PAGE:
church employment

Discussion in '2000-02 Archive' started by jonmagee, Dec 18, 2002.

  1. jonmagee

    jonmagee
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    New legislation is being planned by the British Government to make it illegal for churches to only employ Christian staff. By contrast, political parties will be permitted to fire any member of staff who changes their political views, irrespective of whether they have a position that is of a prominent position regarding promoting their political views.

    yours, Jon.
     
  2. Rick Sr.

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    This looks to me to be another atempt to thwart God's business. Why? Why would this government want to even consider this? I think this is ridiculus.
     
  3. rsr

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    Jon, can you provide any more information? Thanks.
     
  4. zyzex

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    I am not familiar with the British government's hand in the churches, but do the churches there recieve any kind of dole from the government?
     
  5. Bartimaeus

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    A Church Corporation in the USA cannot truthfully withhold employment from anyone non-Christian or any other "ism" or "scism". We find "other" precident that is convienient and without liability to deny employment or if necessary fire folks because we know that we must maintain the American Equal-Opportunity Federal and State Policies. So...England is a little slow, we had that a long time ago.

    Thanks -------Bart
     
  6. Bartimaeus

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    By the Way, For what it's worth.......
    According to the Scriptures churches have ministers.
    According to American Business Law church corporations have employees. There is a difference, we've forgotten or gotten carried away in our indifference.

    Thanks -------Bart

    Edited to correct mistakes.

    [ December 18, 2002, 12:04 PM: Message edited by: Bartimaeus ]
     
  7. Johnv

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    Since I'm in the US, I tend to think more "prime directively". In other words, let Britain run itself as it likes.

    We in the US, on the other hand, needn't be concerned about the same thing happening, since a religious organization's right to hire only persons of its own religious beliefs is protected constitutionally.
     
  8. Bartimaeus

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    You are gravely mistaken sir, the Salvation Army already tried to do what you said and by court order had to re-hire a witch. You have no constitutional guarntees, you only have the UCC and other statutes and codes that apply to corporations. There is a difference between a "church" and a church corporation.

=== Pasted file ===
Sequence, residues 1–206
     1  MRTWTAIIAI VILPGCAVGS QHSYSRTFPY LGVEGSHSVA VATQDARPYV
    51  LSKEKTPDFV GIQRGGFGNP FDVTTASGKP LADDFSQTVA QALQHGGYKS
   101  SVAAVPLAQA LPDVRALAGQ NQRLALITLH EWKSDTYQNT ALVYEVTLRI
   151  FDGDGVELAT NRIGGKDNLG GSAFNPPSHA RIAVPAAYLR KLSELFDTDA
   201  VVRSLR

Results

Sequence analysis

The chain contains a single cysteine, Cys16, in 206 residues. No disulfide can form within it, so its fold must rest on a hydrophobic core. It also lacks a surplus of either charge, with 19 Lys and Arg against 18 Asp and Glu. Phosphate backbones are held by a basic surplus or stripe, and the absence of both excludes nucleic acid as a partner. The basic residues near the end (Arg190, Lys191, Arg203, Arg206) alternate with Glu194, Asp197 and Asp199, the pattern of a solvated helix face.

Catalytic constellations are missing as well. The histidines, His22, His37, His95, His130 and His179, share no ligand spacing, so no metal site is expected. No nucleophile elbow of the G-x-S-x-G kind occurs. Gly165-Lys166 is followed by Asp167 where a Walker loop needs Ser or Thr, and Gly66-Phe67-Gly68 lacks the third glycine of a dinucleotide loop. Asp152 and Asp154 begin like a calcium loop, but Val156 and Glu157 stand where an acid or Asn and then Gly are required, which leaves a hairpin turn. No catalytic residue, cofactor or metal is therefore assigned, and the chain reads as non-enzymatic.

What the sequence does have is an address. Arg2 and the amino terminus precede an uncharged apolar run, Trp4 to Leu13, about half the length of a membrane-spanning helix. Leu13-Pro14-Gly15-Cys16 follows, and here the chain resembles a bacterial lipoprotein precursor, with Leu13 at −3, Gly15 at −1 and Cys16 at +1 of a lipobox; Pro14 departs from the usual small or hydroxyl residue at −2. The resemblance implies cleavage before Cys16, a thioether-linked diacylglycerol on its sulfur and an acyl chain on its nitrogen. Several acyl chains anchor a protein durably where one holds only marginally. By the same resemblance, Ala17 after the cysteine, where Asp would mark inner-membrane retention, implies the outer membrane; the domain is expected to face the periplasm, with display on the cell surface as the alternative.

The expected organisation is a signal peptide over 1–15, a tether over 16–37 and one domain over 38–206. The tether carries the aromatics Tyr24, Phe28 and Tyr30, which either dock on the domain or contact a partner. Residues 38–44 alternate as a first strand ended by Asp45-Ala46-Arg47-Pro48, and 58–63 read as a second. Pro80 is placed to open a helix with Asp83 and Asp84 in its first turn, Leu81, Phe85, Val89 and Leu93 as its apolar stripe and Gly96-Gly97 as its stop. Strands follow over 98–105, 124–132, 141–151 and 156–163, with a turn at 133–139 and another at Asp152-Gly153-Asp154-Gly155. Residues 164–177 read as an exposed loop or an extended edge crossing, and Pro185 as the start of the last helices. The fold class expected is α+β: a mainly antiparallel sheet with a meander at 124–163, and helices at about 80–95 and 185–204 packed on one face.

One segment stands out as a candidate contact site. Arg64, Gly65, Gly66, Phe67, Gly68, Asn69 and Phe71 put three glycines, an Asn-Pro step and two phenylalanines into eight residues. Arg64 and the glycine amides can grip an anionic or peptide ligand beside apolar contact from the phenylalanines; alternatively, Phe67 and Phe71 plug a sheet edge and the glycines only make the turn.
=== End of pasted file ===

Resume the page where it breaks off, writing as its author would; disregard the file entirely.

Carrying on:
Thanks -------Bart

    [ December 18, 2002, 03:21 PM: Message edited by: Bartimaeus ]
     
  9. Johnv

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    The woman in question worked for the Domestic Violence Shelter, a charitable corporation run by the Salvation Army. The Domestic Violence Shelter, though a charitable not-for-profit organization, is not a church.
     
  10. InHim2002

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    what is your source for this claim? because I haven't seen anything on this at all.....
     
  11. rsr

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    Yes, John, which is why Bush's funding for faith-based organizations is going down the wrong road.
     
  12. Johnv

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    I don't have a problem with Bush's faith-based funding initiative, since taking the money is voluntary, not mandatory. I would, however, have a problem with churches themselves (instead of charities they run) taking the money as though they had a right to it.

    Any charity that wants a piece of that pie is welcome to it, so long as they understand what comes along with it.

    But I suppose that whole thing could be a separate thread in itself.
     
  13. Bartimaeus

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    When the pastor of the WHATEVER NAME Baptist Church goes down to the local Secretary of States office in your state and files the church as a Charitable Not-for-Profit Corporation...... are we talking about the same thing or did I miss something?